“Confessions of CEOs” is a series on how business owners are changing the service landscape. Today, we’re chatting with Steve Simpson, founder of S2 Forensics, a digital forensics consultancy. He shares his secrets on how to protect your business forensically.
Why S2 Forensics?
I love to solve puzzles, and technology only makes it more fun; court cases are just another kind of mystery. You can tell a story of what a person did, where they went, and the keywords for which they were searching. People take lots of photos – selfies, photos of friends, landscapes, or any number of things. Some even take pictures of themselves at a crime. Images have the potential to provide metadata regarding the time, date, or geo-location, indicating that they could have witnessed something or participated somehow. Evidence found on devices can exonerate or convict a person, whether the case is civil or criminal.
S2 Forensics offers the best digital forensics and computer technology support available to litigators, corporations, and government agencies. We offer a cybersecurity element that goes beyond computers or cell phones. Many of our non-technical clients want to know the nuts and bolts literally and figuratively, of the technologies they work with daily. We put in whatever extra work is needed to explain these complex technical concepts.
Every litigation case is intriguing. It’s about helping lawyers understand technology so they can best present the case in a courtroom environment. We discuss tactics on specific examinations, testimony on the witness stand, and cross-examination of the opposing witness. We review the evidence and provide contrasting interpretations without violating people’s civil rights. It’s often about how and where we discover information that makes that evidence admissible. For example, some peer-to-peer (P2P) shared folders don’t need a warrant to be searched; if, however, a particular file is removed from the P2P shared folder, law enforcement may require a search warrant for the file. A digital forensic analyst needs technical and legal background knowledge to do forensics right in addition to specialized skills and tools.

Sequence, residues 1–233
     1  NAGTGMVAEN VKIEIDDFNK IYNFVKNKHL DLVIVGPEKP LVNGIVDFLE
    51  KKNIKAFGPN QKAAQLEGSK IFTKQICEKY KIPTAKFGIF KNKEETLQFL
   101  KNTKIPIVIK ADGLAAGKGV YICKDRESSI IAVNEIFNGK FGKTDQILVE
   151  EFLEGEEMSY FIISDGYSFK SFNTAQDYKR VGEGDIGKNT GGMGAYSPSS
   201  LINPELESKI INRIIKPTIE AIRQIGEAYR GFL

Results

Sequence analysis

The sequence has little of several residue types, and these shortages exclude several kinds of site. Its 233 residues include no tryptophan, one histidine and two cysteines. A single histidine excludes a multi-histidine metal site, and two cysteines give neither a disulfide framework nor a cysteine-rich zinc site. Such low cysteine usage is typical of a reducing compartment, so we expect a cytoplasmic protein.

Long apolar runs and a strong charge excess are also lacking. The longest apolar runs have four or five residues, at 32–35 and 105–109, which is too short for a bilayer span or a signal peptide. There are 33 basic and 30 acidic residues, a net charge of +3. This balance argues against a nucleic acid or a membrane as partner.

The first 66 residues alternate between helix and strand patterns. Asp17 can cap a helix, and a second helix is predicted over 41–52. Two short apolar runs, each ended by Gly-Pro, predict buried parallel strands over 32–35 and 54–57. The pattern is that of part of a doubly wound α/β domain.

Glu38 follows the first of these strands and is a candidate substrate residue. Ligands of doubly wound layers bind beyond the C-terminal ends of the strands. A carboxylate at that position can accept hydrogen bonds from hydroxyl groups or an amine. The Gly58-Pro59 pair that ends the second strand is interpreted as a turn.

What can businesses do to protect themselves?
Keep all hard drives. When a person leaves a company, the company should replace the hard drive and store the hard drive away. The hard drive may contain critical information and evidence of misuse of corporate resources. The hard drive should be kept or given to a digital forensic professional who will take a forensic image and complete a comprehensive hard drive analysis. The hard drive mustn’t be recycled or used by another employee. The replacement cost of a new hard drive is about $100 per 1TB of disk space. This cost is minimal compared to the cost of litigation that may occur after someone leaves.
If a business suspects someone internally of misconduct, any evidence you collect that may be used in legal action against a current or former employee must be collected and stored in a manner that will hold up in a court of law. For example, a previous client had agreed to allow an employee to perform a particular project remotely. The company issued the employee a computer with specific software expecting the employee to develop a business application. After making zero progress on the application after several weeks, the company collected the laptop and terminated the employee. The employee later came back to sue the company for wrongful termination. The company requested a complete forensic analysis of the terminated employee’s computer. The evidence on the computer showed that the former employee was using the corporate computer for hacking websites and harassing and extorting women he found on various dating websites. After being confronted with evidence, the former employee dropped his case.